Keep an eye open for posters on the convenience stores. I got to go to a Chieftains concert for a very small fee. I'd tried twice to see them in the USA, but tickets were always sold out. All the smaller towns will have a community hall with information posted about what is coming up. Well, I'm sure the big towns have them too, but they won't be as easy to find.

Be aware that Scots live colder than Americans do. They don't heat their buildings to nearly as warm as we do. So be sure to take sweaters or sweatshirts.

If there is a golfer in your group that wants to golf at St Andrews, make reservations now. It might already be too late. It's a pretty town to visit, though, even if you can't get onto the golf course.

Edinburgh is wonderful and can take up a lot of your time. Glasgow is gritty, so don't schedule much time there.
Not for someone from India.

I've spent some time in Scotland, but November wouldn't be my first choice. As much as anything the daylight hours are quite short.

Just because you speak English doesn't mean you'll understand everything you hear, either.
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Old 04-07-2016, 09:58 PM
 
Location: We_tside PNW (Columbia Gorge) / CO / SA TX / Thailand
22,585 posts, read 39,962,822 times
Reputation: 23711
Thanks for the hints, I will head there for a few weeks in june time period (long days, less rain).
Sorry I am unable to rep you again.

Keep up the good advice, many readers are here, besides OP
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Old 04-08-2016, 12:38 PM
 
Location: Eureka CA
8,255 posts, read 11,115,794 times
Reputation: 12572
Have to disagree about Glasgow, which is indeed "gritty" in places but a wonderful vibrant city. Glasgow is the only place on the planet where I had a tip refused by a cabbie due to his Socialist sympathies. (Glasgow used to send Communist MP 's tp Westminster.) If you get there take a tour of the architecture and stay in the Babbity Bowster or a least have a drink there. http://babbitybowster.com/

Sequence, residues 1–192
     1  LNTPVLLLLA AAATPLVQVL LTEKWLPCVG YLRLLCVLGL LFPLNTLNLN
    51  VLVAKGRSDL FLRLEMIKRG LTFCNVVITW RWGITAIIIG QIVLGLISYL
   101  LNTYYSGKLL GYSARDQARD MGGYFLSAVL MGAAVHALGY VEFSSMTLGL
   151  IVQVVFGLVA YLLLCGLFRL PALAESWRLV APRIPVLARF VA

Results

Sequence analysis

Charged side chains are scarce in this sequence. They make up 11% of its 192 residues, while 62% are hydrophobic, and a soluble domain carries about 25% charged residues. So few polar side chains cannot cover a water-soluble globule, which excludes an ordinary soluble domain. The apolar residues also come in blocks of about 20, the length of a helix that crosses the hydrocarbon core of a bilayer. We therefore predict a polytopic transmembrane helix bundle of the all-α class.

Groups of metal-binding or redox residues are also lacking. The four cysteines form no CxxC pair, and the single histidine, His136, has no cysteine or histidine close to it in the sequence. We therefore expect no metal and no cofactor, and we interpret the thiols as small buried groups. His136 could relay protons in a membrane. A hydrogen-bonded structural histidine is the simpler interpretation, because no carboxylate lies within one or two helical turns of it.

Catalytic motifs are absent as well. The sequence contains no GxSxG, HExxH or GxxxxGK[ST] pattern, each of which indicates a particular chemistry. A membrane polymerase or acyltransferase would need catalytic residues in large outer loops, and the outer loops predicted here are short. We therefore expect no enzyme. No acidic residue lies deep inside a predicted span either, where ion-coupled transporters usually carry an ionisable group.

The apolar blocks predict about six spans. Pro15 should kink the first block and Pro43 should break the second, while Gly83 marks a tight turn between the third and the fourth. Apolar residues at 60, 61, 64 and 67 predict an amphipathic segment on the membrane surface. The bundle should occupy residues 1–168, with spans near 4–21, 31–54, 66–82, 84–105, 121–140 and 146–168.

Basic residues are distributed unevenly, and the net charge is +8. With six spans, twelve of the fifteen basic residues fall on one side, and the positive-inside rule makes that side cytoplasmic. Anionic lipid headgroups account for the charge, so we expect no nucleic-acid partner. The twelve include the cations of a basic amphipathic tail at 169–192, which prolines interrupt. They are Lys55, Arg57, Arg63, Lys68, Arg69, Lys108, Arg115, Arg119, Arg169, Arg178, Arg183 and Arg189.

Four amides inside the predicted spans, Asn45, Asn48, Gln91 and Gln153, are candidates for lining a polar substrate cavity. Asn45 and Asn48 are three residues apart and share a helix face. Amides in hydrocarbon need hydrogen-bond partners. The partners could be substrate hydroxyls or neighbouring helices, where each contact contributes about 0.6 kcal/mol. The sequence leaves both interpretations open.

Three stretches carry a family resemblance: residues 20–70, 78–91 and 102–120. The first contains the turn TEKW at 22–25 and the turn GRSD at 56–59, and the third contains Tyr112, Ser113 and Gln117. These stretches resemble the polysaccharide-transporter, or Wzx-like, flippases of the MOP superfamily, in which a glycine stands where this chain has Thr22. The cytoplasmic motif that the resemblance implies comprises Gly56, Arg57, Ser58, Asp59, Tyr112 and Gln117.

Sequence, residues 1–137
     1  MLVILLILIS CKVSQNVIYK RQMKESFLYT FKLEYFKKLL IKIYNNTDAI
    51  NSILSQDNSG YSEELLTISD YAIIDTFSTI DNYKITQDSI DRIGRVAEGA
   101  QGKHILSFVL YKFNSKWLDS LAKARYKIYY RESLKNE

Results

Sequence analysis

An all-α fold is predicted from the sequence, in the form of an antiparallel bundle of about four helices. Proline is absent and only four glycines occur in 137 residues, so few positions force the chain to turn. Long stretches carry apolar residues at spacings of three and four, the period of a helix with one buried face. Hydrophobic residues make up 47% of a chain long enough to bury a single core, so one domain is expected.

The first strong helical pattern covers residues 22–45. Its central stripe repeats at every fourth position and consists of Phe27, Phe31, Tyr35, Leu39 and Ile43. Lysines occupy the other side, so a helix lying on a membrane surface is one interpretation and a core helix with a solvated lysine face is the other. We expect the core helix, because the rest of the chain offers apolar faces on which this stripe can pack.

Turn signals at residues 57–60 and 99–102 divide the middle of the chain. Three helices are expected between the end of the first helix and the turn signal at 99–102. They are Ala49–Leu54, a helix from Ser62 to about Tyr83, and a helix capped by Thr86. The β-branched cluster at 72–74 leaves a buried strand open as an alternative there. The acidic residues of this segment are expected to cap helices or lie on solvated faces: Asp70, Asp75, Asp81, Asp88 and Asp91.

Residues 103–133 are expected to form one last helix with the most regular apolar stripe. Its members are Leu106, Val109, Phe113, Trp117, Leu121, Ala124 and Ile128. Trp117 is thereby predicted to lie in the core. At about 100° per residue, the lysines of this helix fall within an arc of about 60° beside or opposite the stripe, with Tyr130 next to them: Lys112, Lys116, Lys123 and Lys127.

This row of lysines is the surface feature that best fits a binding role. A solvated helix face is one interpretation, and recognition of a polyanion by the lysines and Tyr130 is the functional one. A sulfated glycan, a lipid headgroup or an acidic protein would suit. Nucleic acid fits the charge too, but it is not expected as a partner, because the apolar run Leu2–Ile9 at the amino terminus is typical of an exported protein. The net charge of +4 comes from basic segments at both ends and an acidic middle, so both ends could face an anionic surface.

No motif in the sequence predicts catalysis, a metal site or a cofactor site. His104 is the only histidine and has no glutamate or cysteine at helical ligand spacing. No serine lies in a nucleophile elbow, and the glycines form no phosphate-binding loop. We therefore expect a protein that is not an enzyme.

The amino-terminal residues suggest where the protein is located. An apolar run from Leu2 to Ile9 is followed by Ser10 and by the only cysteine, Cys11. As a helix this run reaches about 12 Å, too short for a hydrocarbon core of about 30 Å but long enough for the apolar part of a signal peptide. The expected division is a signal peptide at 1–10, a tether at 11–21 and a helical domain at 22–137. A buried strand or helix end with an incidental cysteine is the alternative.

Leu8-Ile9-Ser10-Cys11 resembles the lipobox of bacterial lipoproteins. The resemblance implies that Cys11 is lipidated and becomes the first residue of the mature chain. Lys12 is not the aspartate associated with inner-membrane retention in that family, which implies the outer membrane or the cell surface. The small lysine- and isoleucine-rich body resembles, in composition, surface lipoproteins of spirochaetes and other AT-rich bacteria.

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Old 04-08-2016, 04:18 PM
 
Location: NW Indiana
1,319 posts, read 1,183,448 times
Reputation: 2079
The previous posters have hit on most of the topics I was going to discuss.

It will likely be cold and wet, with sunset coming about 4:30 pm.

Gas is expensive and they do drive on the "wrong" side of the road over there. Also, some of the roads in Scotland are pretty narrow. When I was there, our bus had to stop and pull over at times to let oncoming cars get by. However, the main roads are fine.

One idea not mentioned that may interest you, is to take short tours out of Edinburgh. There are tours of Edinburgh itself, as well as 1 - 3 day tours outside the city. This still leaves plenty of time to do the rental car thing.

I might also suggest a visit to Clava Cairns, which is a bronze age tomb. I also liked the town of St. Andrews, even though I am not a golfer. I really enjoyed going through St. Andrews Castle.